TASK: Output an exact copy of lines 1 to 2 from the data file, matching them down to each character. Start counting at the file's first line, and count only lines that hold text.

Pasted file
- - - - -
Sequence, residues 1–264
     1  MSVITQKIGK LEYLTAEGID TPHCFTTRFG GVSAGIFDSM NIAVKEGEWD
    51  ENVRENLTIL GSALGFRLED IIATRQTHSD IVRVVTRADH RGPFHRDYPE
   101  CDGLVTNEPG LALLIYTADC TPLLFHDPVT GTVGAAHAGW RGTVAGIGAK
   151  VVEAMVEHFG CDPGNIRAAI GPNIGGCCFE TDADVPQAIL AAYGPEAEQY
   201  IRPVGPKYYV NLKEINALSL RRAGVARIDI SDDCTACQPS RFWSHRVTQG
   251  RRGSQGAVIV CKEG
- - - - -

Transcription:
Sequence, residues 1–264
     1  MSVITQKIGK LEYLTAEGID TPHCFTTRFG GVSAGIFDSM NIAVKEGEWD